The anticonvulsant gabapentin (neurontin) does not act through gamma-aminobutyric acid-B receptors
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The actions of the anticonvulsant gabapentin [1-(aminomethyl)cyclohexaneacetic acid, Neurontin] have been somewhat enigmatic until recently, when it was claimed to be a gamma-aminobutyric acid-B (GABA(B)) receptor agonist acting exclusively at a heterodimeric complex containing the GABA(B(1a)) splice variant (Mol Pharmacol 2001;59:144-152). In this study, we have investigated the effects of gabapentin on recombinant GABA(B(1a)) and GABA(B(1b)) receptors coexpressed with GABA(B(2)) in five different functional recombinant assays, its ability to inhibit [(3)H]GABA binding in a GABA(B) receptor-selective binding assay using rat synaptic membranes, and its ability to inhibit transient lower esophageal sphincter relaxations in Labrador retriever dogs. Up to a concentration of 1 mM, gabapentin displayed no agonistic effects on either the GABA(B(1a,2)) or the GABA(B(1b,2)) heterodimer, when these were expressed in Xenopus laevis oocytes or mammalian cells and assayed by means of electrophysiology, calcium mobilization, inositol phosphate, and fluorometry assays. Gabapentin did not displace [(3)H]GABA from GABA(B) receptor sites in rat synaptic membranes. Finally, in contrast to the classic GABA(B) receptor agonist baclofen, gabapentin was unable to inhibit transient lower esophageal sphincter relaxations in dogs. Because of high levels of GABA(B(1a)) in the canine nodose ganglion, this finding indirectly supports the inactivity of gabapentin on the GABA(B(1a,2)) heterodimer demonstrated in various in vitro assays. In light of these results, we find it highly questionable that gabapentin is a GABA(B) receptor agonist. Hence, the anticonvulsive effects of the compound have to arise from GABA(B) receptor-independent mechanisms. This also implies that the first GABA(B) receptor splice variant-selective ligand remains to be discovered.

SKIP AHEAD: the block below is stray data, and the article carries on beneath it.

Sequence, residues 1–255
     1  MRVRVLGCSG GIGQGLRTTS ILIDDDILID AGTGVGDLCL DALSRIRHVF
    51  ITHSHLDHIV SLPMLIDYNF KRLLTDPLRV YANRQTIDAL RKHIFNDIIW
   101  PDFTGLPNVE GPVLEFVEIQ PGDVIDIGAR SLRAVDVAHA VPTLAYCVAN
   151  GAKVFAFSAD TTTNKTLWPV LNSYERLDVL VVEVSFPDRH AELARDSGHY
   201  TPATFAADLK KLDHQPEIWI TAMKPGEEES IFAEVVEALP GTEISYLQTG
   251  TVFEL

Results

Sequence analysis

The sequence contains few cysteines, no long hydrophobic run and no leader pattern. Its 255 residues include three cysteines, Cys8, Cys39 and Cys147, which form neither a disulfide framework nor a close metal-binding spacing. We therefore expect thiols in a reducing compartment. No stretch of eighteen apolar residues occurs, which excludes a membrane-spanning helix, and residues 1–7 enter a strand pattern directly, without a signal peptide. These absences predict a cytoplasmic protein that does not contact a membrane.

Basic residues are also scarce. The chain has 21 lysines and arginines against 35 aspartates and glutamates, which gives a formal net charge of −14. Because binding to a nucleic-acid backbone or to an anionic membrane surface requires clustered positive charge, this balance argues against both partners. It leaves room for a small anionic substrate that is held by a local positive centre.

|Number of pages||8|
|Publication status||Published - 2002|
- Acetic Acids, Amines, Animals, Anticonvulsants, Cells, Cultured, Cyclohexanecarboxylic Acids, Dogs, Esophagogastric Junction, Humans, Models, Animal, Oocytes, Rats, Receptors, GABA-B, Recombinant Proteins, Synaptic Membranes, Xenopus laevis, gamma-Aminobutyric Acid